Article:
But the Huay Kuan, which has been residing there rent-free since 1963, has said that it also has rights to the building. According to Mr Yeo's letter, the project was a joint development by both associations, and the Huay Kuan had transferred shophouses that it owned in Tank Road to the Kongsi for the project.
Over the years, prominent personalities have tried to mend bridges.
The Sunday Times understands that Education Minister Ong Ye Kung, chair of the Chinese Community Liaison Group and a half-Teochew himself, has stepped in to try to mediate in recent years.
When contacted, Mr Ong declined comment, as the dispute over the Teochew Building is currently before the courts.
Civil servant Shawn Seah, 33, who is the great-great-great grandson of Mr Seah Eu Chin, says members of his immediate and extended family are no longer involved in the Ngee Ann Kongsi or the Poit Ip Huay Kuan, as far as he is aware.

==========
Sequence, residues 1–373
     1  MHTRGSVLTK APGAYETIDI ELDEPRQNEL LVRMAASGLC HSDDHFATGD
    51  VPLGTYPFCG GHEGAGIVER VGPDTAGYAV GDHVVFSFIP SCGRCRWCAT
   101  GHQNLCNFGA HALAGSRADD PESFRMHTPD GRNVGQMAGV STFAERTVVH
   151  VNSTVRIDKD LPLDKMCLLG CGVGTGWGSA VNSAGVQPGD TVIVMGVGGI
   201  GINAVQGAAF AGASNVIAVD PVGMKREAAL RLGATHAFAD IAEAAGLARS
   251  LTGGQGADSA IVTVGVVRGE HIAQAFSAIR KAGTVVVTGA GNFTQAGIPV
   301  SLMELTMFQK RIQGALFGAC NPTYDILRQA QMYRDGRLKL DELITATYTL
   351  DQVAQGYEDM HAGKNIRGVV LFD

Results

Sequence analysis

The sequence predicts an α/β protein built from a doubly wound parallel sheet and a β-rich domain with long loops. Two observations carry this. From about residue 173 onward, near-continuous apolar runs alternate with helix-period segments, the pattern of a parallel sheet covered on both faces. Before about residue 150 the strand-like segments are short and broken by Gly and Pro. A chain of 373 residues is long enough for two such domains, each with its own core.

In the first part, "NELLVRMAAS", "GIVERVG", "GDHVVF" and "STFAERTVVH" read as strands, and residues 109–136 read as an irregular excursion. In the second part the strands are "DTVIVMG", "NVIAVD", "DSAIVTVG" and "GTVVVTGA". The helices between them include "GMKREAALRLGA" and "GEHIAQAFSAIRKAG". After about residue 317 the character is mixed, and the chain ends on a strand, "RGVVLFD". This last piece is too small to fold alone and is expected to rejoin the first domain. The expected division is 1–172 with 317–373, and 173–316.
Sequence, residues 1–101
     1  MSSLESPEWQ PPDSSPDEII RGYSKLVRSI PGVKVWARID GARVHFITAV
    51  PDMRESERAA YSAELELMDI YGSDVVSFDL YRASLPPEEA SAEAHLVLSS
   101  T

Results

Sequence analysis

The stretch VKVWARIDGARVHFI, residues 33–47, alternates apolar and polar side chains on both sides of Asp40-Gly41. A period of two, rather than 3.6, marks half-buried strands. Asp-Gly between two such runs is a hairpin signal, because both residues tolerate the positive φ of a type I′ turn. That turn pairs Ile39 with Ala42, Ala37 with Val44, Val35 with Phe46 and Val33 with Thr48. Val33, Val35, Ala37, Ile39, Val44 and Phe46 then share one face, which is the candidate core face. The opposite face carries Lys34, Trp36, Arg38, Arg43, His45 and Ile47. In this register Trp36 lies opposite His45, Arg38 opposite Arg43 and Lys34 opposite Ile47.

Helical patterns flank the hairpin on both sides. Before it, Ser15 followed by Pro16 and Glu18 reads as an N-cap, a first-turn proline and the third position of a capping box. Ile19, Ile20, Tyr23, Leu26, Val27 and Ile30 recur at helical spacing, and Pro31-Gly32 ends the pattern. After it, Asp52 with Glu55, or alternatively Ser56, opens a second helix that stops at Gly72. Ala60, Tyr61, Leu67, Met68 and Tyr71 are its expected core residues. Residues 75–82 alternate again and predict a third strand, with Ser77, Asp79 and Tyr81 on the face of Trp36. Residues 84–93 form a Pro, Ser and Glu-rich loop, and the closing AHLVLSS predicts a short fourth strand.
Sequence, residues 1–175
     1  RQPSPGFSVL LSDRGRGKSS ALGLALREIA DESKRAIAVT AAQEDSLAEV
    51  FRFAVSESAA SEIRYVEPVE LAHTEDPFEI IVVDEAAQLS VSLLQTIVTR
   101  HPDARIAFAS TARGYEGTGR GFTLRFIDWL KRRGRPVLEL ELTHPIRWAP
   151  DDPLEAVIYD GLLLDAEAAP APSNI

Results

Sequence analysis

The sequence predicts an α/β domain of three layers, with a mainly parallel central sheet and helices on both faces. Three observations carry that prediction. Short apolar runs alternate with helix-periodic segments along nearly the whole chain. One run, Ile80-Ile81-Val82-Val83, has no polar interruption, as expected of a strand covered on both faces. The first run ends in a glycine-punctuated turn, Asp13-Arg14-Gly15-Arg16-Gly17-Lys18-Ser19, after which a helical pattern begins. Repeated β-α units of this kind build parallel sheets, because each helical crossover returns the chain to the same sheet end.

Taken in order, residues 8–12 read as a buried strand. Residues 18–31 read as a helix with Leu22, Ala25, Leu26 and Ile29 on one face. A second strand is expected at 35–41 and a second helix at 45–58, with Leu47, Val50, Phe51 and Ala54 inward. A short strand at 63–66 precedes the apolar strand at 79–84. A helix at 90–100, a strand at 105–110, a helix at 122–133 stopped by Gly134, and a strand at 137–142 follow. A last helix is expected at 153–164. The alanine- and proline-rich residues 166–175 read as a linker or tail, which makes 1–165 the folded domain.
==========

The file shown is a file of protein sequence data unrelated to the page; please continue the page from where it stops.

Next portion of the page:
"But as a Teochew, it's sad to hear about the dispute. We Teochews in Singapore have a unique identity, and should be united."
The 2 groups' shared history - and rivalry
• 1845: Teochew pioneer Seah Eu Chin, together with other merchants, set up Ngee Ann Kongsi, a religious observance and social welfare organisation. It raised funds to acquire land for temples and burial grounds.
• 1927: Rubber and pineapple magnate Lim Nee Soon and other Teochew leaders led a petition to stop the Kongsi's presidency and management from being dominated by Mr Seah's family, and considered taking legal action.